Christian J. Churchill and Gerald E. Levy
The Enigmatic Academy
Class, Bureaucracy, and Religion in American Education
Temple University Press 2012
New Books in American StudiesNew Books in EducationNew Books in Peoples & PlacesNew Books in Politics & SocietyNew Books in ReligionNew Books in Religion & FaithNew Books in SociologyNew Books Network January 28, 2013 Annie Sepucaia
According to the Marriam-Webster dictionary, an “enigma” can be defined as “something hard to understand or explain.” What is it that is so enigmatic about education? Aren’t schools there to teach information, and expand people’s minds? What’s so mysterious about that?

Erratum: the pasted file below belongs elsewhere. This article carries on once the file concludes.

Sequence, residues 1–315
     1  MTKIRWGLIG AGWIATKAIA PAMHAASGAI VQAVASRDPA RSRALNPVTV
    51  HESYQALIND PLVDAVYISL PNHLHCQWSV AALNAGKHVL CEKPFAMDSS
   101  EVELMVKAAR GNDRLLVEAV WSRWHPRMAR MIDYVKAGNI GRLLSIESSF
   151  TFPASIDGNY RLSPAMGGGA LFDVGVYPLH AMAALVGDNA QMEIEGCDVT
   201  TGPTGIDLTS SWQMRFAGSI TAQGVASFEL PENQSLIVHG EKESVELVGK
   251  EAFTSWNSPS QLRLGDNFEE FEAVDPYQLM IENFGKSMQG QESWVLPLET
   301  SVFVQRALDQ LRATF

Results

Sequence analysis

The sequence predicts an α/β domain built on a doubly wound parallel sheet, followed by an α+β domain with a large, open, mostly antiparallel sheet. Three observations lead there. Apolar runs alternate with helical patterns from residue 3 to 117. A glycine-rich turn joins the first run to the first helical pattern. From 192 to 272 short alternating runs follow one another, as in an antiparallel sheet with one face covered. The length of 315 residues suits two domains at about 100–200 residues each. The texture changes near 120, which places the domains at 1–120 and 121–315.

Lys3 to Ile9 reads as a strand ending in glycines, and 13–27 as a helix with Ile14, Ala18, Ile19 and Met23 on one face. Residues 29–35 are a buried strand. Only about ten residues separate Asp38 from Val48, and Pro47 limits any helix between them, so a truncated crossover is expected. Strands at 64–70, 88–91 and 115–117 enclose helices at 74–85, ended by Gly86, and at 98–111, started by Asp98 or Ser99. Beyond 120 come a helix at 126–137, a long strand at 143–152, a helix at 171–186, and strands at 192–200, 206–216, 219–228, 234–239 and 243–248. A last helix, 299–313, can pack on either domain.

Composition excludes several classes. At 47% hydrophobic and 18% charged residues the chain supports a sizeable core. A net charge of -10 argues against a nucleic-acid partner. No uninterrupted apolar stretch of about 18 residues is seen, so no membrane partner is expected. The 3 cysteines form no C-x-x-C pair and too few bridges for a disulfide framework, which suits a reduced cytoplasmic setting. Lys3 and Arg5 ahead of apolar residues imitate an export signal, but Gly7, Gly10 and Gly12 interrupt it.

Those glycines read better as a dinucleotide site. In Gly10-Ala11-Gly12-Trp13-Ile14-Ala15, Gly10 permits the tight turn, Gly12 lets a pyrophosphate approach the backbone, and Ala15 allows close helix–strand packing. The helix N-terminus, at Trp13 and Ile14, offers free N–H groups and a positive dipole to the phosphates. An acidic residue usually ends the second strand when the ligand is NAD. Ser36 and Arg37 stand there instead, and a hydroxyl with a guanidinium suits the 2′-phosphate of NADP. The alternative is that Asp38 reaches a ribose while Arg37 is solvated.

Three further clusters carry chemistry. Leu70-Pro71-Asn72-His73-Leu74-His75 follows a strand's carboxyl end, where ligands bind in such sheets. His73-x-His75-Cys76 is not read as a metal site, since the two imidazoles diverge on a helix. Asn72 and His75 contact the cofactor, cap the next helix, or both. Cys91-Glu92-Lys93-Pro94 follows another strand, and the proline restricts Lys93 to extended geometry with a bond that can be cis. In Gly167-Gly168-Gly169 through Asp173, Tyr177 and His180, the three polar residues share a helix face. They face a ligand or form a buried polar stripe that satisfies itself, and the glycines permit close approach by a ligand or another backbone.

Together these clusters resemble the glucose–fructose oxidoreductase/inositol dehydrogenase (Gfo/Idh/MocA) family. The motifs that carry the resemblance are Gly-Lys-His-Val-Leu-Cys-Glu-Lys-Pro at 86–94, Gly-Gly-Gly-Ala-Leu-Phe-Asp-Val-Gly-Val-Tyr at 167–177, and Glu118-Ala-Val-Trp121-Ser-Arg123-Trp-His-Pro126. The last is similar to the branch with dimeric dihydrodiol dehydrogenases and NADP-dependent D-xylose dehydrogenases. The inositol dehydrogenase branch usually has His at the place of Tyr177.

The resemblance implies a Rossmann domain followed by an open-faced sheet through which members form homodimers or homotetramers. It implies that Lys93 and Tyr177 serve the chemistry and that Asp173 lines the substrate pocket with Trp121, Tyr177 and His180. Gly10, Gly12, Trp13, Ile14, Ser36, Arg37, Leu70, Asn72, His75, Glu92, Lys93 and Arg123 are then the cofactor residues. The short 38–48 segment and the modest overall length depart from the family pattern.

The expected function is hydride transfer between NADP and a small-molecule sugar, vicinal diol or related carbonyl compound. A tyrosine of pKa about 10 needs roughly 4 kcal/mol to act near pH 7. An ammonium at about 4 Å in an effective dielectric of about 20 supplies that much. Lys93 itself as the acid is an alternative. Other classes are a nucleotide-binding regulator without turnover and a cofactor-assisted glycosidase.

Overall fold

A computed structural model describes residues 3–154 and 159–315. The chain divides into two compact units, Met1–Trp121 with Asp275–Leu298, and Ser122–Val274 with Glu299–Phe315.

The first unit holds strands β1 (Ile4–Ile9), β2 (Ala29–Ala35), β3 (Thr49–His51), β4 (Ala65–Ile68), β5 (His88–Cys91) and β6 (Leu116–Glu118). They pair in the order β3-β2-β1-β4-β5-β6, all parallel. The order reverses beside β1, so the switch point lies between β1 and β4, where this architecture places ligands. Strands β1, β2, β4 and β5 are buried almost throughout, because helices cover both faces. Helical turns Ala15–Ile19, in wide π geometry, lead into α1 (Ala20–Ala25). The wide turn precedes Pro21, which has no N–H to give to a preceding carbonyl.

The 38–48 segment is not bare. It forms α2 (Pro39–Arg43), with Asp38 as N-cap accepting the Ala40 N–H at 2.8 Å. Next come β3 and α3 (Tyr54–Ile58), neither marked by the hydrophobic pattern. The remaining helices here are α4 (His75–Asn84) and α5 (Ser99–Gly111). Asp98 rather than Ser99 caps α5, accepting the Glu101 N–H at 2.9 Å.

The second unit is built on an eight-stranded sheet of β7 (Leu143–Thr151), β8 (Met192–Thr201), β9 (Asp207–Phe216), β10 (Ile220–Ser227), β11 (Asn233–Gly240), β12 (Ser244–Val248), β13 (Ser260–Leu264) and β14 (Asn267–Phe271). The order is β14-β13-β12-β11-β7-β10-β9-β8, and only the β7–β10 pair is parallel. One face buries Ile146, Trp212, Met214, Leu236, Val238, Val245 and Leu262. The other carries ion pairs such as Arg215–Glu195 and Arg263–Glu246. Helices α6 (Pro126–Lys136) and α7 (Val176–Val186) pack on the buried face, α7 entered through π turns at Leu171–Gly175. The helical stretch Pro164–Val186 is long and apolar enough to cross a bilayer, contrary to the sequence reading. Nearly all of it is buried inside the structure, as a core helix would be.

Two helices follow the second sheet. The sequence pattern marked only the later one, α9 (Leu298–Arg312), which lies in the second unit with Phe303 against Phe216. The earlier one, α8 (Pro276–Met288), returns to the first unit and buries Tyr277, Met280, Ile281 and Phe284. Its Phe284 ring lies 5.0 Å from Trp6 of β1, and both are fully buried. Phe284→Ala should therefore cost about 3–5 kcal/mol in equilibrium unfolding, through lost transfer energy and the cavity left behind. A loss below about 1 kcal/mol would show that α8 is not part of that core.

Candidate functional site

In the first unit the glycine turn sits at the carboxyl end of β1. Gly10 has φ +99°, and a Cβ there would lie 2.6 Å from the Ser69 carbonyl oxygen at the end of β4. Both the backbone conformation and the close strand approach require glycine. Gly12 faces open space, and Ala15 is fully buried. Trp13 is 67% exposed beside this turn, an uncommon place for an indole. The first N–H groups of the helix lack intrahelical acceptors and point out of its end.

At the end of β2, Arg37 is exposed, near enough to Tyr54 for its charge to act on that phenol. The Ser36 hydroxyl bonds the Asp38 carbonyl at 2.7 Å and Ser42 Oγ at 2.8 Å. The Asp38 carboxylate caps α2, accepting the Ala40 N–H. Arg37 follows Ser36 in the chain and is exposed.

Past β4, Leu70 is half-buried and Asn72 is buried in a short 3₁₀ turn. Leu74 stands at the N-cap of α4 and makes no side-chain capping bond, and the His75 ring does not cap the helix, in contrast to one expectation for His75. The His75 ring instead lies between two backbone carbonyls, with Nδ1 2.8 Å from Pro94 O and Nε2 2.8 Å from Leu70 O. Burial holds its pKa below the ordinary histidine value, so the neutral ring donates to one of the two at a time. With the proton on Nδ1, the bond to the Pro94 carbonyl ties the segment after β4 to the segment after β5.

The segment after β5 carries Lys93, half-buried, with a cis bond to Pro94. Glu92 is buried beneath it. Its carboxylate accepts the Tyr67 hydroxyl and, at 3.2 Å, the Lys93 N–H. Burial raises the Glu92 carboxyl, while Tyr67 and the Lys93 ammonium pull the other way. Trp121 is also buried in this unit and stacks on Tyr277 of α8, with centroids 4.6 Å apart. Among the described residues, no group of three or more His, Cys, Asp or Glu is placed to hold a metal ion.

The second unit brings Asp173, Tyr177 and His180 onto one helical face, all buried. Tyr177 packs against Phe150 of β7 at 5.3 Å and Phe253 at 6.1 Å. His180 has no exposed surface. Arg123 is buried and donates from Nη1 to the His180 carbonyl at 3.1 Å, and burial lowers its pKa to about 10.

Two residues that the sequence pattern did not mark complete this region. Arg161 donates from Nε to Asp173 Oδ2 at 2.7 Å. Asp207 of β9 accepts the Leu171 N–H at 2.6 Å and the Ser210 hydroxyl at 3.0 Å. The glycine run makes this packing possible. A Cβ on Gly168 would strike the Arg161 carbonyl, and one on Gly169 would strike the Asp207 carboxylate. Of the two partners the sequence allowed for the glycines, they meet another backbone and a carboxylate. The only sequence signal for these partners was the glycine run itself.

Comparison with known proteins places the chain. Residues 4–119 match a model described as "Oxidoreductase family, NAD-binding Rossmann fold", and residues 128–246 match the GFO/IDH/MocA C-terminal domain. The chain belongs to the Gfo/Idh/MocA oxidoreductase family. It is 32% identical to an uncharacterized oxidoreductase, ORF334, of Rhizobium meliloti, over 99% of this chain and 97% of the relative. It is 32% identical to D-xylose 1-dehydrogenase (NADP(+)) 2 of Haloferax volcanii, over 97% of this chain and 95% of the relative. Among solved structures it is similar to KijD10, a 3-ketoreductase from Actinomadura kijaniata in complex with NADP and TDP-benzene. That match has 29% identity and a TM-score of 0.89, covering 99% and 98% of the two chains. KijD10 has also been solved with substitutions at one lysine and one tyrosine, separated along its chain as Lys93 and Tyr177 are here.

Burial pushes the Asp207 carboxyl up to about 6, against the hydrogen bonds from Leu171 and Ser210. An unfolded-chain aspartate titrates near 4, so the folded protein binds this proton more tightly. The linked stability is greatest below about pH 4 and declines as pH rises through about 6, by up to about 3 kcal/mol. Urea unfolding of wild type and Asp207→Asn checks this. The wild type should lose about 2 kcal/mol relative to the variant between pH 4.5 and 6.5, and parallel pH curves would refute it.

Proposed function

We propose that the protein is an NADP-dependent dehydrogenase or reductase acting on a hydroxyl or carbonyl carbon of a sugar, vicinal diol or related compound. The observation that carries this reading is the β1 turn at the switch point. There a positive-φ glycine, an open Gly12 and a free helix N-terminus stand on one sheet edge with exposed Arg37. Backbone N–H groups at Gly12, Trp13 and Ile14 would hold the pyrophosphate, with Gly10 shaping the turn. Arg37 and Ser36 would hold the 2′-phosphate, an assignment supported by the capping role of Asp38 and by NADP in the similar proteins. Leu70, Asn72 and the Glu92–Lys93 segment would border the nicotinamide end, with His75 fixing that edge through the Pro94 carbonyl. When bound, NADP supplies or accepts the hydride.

In Christian J. Churchill and Gerald E. Levy’s new book, The Enigmatic Academy: Class, Bureaucracy, and Religion in American Education (Temple University Press, 2012) the authors, both educators, describe a tremendous paradox within the educational system in the United States. Despite the secular redemption that people search in educational institutions, and the free spirit associated with the liberal arts, schools actually reinforce the status quo, by training upper-class students for positions of authority while leading lower-class students in a direction which serve the purposes of higher social classes. Most people view education as the way to achieve social mobility, and while this is not entirely false on an individual level, the educational system concomitantly teaches students to develop a bureaucratic character, reinforcing existing social and ideological structures instead of challenging them.